I am currently staying in a place with good public transportation (by American standards). Not only are the metro stations abundant, the lines are also timely and run across the whole city. There is a stop half a block from my home that takes me to large grocery stores, banks, and other errand locations. Before planning my time here, I had to carefully analyze this urban layout. It had to meet my mobility requirements and provide enough amenities so that I could receive timely deliveries when I couldn’t leave the house.
This overly planned style is not how I use to decide my moves and travel. For most of my adult life, I would go when and where the mood struck. A new job across the globe, a vacation to a rural beach town, and a weekend adventure in a busy city center were all a part of my vibrant life. In fact, I probably became a bit too comfortable being nomadic. Moving and changing were my default way of being. Of course, eventually that lifestyle no longer fit my body’s needs.
While I still fight routine and monotony, I have grown an appreciation for “sameness”. Having unpredictable diseases means that following a routine and specific methods for daily tasks provides a light barrier for surprise flare-ups. It goes against my instinct and upbringing but having some control over the environmental triggers in my life help mitigate my more disabling symptoms. Unfortunately, I’ve always tended to attract Murphy’s Law and general craziness as I go about my life. I use to just roll with it but everything is different now. Sometimes it’s humorous. Other times it’s frustrating and painful. Yesterday was one of the painful days, really painful.
I had stored up enough energy (and eaten through my refrigerator) to go grocery shopping. This was a go to the big store kind of shopping trip. I planned on one bag worth of stuff since I was taking public transport. Upon arriving at my bus stop I noticed it was closed. Not a huge deal since there was another stop just 2 short blocks away. Thankfully, there were seats on the bus so I rode the quick 10-minute trip in relative comfort. There were no problems getting off the bus, walking the half block to the store and getting a semi-heavy bag of groceries. Walking to the returning bus stop, I noticed it was temporarily closed. I took a deep breath and prepared to walk the 3 blocks up a slight incline to the next stop. That stop was closed as well. I put down my bag and took a look at the transit tracker to find out why the stops were closed and which alternate locations were listed. There was no information about the stops being closed but the temporary sign noted that the next stop was just 2 blocks away. I was uncomfortable but had already paid for a round-trip fare so I decided to walk those final two blocks. As I went along I kept switching my bag between hands. Occasionally I would also use both arms to hold it in front of me and give my hands a break. I got to the bus stop and, of course, it was closed. At this point, I wasn’t far enough from my home to justify calling a ride. I also, have a terrible habit of pushing myself past my breaking point if I can see the finish line. So I hoofed it. I put my hair up, head down (so I could see what I was stepping on as my feet went numb), and thought of a midway point where I could stop and get an iced drink to raise my blood pressure. I made it to a café, got my drink and kept moving. If I stopped for too long I knew I wouldn’t make it home. As I crossed my threshold, my arms were shaking and my feet were screaming. I threw my groceries in the fridge and lay down.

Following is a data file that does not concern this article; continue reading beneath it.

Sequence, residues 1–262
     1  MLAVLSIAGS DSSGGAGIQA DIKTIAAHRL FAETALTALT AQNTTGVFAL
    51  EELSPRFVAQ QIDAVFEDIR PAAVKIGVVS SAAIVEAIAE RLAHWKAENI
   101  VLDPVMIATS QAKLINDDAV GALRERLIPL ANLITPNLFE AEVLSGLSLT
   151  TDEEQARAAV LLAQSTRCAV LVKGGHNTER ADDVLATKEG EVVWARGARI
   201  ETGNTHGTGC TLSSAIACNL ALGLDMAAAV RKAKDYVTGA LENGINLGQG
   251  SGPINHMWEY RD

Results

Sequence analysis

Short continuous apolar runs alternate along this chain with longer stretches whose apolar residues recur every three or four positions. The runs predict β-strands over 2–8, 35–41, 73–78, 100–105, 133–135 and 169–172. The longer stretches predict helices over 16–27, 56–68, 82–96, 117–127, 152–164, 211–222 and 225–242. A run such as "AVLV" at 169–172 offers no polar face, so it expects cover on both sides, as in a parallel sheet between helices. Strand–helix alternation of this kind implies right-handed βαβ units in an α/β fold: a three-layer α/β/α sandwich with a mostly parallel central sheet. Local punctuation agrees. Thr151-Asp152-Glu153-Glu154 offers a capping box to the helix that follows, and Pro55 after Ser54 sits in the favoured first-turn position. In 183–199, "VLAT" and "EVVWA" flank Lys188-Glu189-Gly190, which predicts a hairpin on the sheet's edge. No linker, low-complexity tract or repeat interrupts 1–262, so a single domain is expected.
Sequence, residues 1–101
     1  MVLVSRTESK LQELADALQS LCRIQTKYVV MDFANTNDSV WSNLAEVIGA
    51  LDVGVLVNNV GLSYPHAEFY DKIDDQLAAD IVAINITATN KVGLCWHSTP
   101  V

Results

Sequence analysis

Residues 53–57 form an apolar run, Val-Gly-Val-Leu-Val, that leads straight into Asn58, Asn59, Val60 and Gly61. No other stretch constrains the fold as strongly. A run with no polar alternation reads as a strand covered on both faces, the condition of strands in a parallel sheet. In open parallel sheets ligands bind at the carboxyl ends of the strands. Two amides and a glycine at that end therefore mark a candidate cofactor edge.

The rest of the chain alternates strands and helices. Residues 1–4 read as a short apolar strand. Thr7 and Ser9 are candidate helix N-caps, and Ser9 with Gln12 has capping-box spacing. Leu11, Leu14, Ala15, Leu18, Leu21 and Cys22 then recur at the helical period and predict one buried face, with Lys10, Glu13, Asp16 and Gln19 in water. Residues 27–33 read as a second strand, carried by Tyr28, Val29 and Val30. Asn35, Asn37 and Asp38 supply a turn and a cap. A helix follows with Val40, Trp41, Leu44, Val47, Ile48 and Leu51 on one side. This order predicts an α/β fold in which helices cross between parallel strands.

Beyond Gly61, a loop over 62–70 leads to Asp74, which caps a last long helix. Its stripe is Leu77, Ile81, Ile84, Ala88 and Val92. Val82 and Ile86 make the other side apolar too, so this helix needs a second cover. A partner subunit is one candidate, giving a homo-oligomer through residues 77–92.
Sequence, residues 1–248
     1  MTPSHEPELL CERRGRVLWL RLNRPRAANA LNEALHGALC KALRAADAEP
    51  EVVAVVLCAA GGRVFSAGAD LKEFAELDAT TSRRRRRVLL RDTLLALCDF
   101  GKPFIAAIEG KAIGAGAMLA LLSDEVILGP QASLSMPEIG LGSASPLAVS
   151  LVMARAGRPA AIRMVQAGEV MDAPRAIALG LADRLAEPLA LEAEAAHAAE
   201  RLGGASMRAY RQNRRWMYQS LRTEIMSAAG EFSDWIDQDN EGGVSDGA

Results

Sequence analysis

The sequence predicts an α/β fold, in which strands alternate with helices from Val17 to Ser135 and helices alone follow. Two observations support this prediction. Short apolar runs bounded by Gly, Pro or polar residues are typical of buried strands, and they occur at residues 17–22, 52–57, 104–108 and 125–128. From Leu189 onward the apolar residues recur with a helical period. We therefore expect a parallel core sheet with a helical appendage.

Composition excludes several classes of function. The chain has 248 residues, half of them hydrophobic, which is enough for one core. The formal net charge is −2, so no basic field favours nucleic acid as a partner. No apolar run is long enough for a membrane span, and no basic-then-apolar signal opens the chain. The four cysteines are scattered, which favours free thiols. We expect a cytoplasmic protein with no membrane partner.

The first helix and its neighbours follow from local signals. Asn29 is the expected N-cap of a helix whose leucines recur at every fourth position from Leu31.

Now I know a 20 minute walk with a bag of groceries wouldn’t be a big deal to most people. It would not have been a big deal to me 7 years ago. Unfortunately, now I live with a busted body and this is what that little unexpected city hike did to me. That night, it set off a massive migraine and left my feet numb with stabbing pain shooting through my legs and hands. My face flushed for hours and pressure hives appeared on my hands followed by an uptick in my nightly hives. The next day, I had to crawl out of bed. I had to hoist myself onto the toilet and had to sit in the tub to take a shower. I couldn’t wash my hair, as my fingers were useless. I couldn’t stand to make food so I didn’t eat and spent nearly the entire day lying down. Every move was agony and straightening my arms or legs felt like trying to uncoil springs. My knee had hyperextended during the walk and toes were bruised.
Have you ever worked out so hard that your legs were jelly and your abs ached when you laughed? I dream about that type of pain. That good muscle building burn and humor inducing leg wobble. If only my pain was the result of a strong body functioning. If only my symptoms were temporary and disappeared by living a healthy lifestyle.
The reality of living with chronic disease is that some days are just really bad. They remind you that of what you can’t do and what you miss doing. Those days pull the breaks on your momentum and positivity. They drop a cloud over trying to embrace your new self. They define your relationship with life and take color out of your day. Those days try to break you.